Alexei Starobinsky, Professor in Faculty of Physics, Elected Foreign Associate at U.S. National Academy of Sciences
Alexei Starobinsky, Professor in the HSE Faculty of Physics, has been elected Foreign Associate at the U.S. National Academy of Sciences. Previously, he has served as an elected member of the National Academy of Sciences of Germany (Leopoldina), the Norwegian Academy of Science and Letters, and two Indian academies – the Indian National Science Academy (New Delhi) and the National Academy of Sciences (Allahabad).
Professor Starobinsky’s research interests include classical and quantum theories of gravity, cosmology, and relativistic astrophysics. He authored the first books on the inflation theory (1979, 1980), which is the leading cosmology theory today and describes the early universe before the Hot Big Bang stage. Together with Andrei Linde and Alan Guth, he is considered a founder of this theory; for their achievement, in 2014, they were jointly awarded the Kavli Prize, a leading international award in astrophysics. He is also the recipient of one of the most prestigious awards in cosmology, the Gruber Prize in Cosmology (2013), as well as several other medals and awards, including the Andrei Sakharov golden medal awarded by the Russian Academy of Sciences (2016).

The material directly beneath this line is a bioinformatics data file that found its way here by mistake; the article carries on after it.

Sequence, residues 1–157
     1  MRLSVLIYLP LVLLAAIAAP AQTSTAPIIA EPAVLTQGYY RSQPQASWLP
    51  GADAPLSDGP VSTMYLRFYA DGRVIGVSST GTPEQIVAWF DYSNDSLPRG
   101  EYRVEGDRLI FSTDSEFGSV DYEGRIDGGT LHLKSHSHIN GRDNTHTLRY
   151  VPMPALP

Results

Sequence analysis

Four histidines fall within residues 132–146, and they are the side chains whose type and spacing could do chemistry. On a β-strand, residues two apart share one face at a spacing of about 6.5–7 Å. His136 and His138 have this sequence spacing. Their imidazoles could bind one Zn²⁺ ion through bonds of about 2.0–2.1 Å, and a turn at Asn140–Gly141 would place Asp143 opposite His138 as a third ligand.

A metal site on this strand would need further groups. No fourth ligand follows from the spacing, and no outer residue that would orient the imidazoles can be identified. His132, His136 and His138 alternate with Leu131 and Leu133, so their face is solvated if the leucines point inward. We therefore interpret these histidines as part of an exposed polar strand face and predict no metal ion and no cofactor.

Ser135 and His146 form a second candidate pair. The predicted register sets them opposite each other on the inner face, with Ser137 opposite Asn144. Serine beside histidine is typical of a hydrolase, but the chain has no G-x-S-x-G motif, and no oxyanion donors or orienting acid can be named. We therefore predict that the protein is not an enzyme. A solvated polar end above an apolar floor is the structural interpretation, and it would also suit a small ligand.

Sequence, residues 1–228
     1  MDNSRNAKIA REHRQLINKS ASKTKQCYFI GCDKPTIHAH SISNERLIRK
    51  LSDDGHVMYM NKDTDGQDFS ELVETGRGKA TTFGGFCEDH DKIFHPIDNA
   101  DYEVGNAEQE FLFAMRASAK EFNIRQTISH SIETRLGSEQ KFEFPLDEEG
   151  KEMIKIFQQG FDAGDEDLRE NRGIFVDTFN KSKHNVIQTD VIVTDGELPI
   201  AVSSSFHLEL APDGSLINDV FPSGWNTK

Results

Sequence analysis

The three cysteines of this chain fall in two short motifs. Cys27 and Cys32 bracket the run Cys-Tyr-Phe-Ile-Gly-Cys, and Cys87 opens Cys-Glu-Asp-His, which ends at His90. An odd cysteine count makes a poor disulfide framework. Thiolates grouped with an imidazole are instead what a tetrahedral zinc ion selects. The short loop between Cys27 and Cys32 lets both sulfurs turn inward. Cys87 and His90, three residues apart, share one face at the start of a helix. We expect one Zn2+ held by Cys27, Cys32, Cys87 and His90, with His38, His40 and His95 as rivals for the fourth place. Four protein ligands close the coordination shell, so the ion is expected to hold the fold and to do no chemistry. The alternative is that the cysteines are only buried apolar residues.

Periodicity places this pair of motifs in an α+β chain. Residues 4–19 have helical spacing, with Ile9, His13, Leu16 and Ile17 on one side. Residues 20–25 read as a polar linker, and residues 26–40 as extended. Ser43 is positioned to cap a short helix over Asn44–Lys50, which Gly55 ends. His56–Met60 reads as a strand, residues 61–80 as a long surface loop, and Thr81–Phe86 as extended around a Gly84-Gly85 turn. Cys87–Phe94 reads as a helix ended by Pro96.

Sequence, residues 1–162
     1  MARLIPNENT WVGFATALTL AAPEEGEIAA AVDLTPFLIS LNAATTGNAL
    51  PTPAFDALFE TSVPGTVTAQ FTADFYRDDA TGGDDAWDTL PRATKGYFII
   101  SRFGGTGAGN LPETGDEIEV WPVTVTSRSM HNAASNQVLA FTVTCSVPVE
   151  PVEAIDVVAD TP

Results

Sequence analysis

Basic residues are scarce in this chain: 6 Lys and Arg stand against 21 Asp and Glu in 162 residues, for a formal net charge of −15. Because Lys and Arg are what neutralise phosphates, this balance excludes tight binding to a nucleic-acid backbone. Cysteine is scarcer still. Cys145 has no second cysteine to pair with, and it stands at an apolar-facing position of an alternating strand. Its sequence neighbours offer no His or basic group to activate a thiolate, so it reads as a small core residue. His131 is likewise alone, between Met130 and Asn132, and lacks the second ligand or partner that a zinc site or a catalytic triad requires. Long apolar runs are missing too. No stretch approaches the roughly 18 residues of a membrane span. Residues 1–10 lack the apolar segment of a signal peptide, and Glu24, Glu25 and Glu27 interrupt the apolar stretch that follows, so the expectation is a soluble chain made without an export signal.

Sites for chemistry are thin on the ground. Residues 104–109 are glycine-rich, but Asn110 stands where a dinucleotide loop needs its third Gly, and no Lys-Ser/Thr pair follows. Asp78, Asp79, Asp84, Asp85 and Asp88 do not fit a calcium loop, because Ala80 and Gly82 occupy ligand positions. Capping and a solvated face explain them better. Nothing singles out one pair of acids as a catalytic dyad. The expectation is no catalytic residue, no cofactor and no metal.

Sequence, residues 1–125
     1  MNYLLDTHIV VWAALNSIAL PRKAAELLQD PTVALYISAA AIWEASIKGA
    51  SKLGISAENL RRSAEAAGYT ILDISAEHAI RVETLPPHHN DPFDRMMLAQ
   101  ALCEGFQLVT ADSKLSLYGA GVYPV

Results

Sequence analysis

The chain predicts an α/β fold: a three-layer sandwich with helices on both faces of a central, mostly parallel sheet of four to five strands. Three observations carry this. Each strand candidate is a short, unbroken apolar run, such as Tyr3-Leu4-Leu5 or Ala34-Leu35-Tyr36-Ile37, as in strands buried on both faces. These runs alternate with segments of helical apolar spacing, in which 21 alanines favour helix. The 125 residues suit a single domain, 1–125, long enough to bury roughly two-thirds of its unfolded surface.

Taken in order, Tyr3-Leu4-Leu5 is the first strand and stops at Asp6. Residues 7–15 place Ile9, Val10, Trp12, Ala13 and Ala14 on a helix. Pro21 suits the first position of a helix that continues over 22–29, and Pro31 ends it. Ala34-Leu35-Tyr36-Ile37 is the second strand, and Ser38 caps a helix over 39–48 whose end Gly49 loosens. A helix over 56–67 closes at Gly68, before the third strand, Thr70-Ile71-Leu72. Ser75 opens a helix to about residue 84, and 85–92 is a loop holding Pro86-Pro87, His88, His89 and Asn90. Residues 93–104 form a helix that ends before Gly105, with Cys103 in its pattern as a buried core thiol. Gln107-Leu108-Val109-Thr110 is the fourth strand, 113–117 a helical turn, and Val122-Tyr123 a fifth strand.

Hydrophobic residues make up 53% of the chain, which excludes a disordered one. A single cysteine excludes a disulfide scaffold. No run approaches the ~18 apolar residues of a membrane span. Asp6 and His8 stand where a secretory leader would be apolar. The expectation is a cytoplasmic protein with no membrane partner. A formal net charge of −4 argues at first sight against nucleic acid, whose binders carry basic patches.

Professor Starobinsky’s scholarly achievements also include the calculation of the number of created particles and the average tensor in momentum energy of quantum fields in homogeneous anisotropic cosmological models (1971, co-authored with Y.B. Zeldovich). He developed the hypothesis suggested by Zeldovich in 1971 and proved that rotating black holes must generate and radiate particles (1973), which was a precursor of Stephen Hawking’s theory that all black holes, not only rotating ones, radiate particles (1974). Together with Y.N, Pariiski et al, Professor Starobinsky also discovered angular fluctuations of the temperature of cosmic microwave background radiation using a RATAN-600 radio telescope (1992).
Alexei Starobinsky is Chief Research Fellow at the RAS Landau Institute for Theoretical Physics and a member of the editorial board at ten leading academic journals in the areas of his research interests.
The U.S. National Academy of Sciences is the most authoritative public academic organization in the United States. It was founded in 1863 by the U.S. Congress, and its founding act was signed by President Abraham Lincoln. The academy aims to serve as an expert community that helps the country and the public in the most complicated issues related to science. Academy members work on a pro bono basis.
Today, the U.S. National Academy of Sciences counts about 2,350 members and over 450 foreign associates. Approximately 200 Nobel Prize laureates serve as members. New members are elected for life by current members in a ballot vote. Being elected as a foreign associate of the Academy is one of the most significant acknowledgements of a person’s input on global science.
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